Finally, your home buyer rebate is subject to the lender’s approval. If they want to, they can veto the home buyer rebate, and lenders sometimes do that.

Why Do Agents and Brokers Offer Home Buyer Rebates?

While some agents and brokers remain anti-rebate, home buyer rebates are a great way for agents to attract and retain new customers. Most home buyers are under increasing financial stress during the purchase and closing processes, and a rebate offers some much-needed cash at a crucial moment.

A home buyer rebate comes out of the buyer’s agent commission, so offering a realtor rebate doesn’t keep a broker from making money — it simply returns a small portion of the commission to you.

As more companies offer home buyer rebates as a standard feature, agents feel more pressure to follow suit. As realtor rebates become legal in more U.S. states (they’re currently allowed in 42 of 50), they’ll become more and more common.

How To Negotiate A Home Buyer Rebate With Your Agent

A home buyer rebate comes out of the buyer agent’s commission, so your agent may be reluctant to part with a percentage of their paycheck. However, if you’re a high-value buyer with a lot of leverage, they may decide it’s worth their while.

What is a High-Value Buyer?

  • Buying a home in a low-demand area: There simply aren’t many buyers in the area, so your business is precious.
  • Ready to make an offer: You’ve already surveyed the market and have a specific property in mind. You won’t need a lot of hand-holding and won’t take up much of the agent’s time.
  • Buying and selling with the same agent: The agent is in a position to make two commissions — so it doesn’t sting so much to reduce one of them a little.
  • Going to buy a high-priced home: Agents don’t mind taking a smaller slice of a bigger pie. 1% of $1 million is more than 3% of $250,000.

Should You Try to Negotiate a Rebate on Your Own?

While it’s possible to negotiate a rebate on your own, it won’t be easy. Real estate agents are professional negotiators, and you’re trying to persuade them to take less money to do their job.

Your best course of action is to work with a company that’s already pre-negotiated a home buyer rebate for you. Agent matching services like Clever Real Estate connect you with local buyer’s agents who’ve already agreed to give buyers cash back — no negotiation required!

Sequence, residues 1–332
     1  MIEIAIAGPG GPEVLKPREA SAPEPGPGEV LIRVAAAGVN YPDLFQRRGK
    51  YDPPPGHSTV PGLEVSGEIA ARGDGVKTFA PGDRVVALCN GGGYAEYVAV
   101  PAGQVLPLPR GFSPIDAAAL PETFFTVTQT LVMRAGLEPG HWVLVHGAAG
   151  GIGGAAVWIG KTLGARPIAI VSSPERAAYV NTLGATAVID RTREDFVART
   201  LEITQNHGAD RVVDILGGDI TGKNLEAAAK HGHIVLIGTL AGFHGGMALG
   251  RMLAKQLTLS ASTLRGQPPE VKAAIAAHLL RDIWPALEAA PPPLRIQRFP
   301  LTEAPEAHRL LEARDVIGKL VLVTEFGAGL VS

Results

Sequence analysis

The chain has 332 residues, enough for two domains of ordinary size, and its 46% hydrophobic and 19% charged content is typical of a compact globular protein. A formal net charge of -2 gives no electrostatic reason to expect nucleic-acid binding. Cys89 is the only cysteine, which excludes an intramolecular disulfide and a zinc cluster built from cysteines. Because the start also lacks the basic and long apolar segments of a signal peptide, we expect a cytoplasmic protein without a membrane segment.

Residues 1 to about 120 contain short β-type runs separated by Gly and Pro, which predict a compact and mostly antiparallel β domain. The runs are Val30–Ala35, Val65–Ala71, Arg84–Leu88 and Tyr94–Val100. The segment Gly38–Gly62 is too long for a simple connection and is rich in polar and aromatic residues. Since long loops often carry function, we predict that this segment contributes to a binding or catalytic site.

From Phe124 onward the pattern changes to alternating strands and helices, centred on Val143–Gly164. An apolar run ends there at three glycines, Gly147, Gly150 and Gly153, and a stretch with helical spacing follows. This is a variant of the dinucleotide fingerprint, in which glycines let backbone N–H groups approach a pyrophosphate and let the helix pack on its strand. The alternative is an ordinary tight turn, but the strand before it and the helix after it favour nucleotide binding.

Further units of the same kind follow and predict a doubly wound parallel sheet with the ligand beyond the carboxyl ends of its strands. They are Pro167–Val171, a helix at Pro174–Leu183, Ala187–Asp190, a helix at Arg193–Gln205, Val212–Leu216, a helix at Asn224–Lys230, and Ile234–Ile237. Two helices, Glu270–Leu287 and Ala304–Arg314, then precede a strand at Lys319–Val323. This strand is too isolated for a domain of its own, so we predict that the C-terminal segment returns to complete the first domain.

Why Have these Agents Agreed to a Cash-Back Buyer Rebate?

Agent-matching services supply them with serious, high-quality leads that take less time and effort to close than conventional leads. So even if they’re making less per individual deal, they’re closing more deals, making up the money in volume. Even better, the more deals they close, the more word-of-mouth referrals they’ll get — most of whom will pay full commission.

🏡 Ready to buy a home?
If you’re ready to buy your next home, our friends at Clever can help! Clever will match you with top-rated agents who know how to navigate your local market. Best of all, buyers in 42 states and Washington, DC, can get cash back savings after closing!
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Yes, home buyer rebates are legal in most, but not all, states.

Some States Don’t Allow Buyer Rebates

As of July 2023, 42 out of 50 U.S. states, plus Washington, DC, all allow home buyer rebates. The ones that don’t allow them are:

  • Alabama*
  • Alaska
  • Kansas
  • Mississippi
  • Missouri
  • Oklahoma
  • Oregon
  • Tennessee

*Alabama doesn’t allow commission rebates. But it does allow certain types of incentives, as long as they’re disclosed to all interested parties (generally the lender, seller, and buyer). If someone promises you a gift or cash back in Alabama, check with your lender to make sure it’s allowed.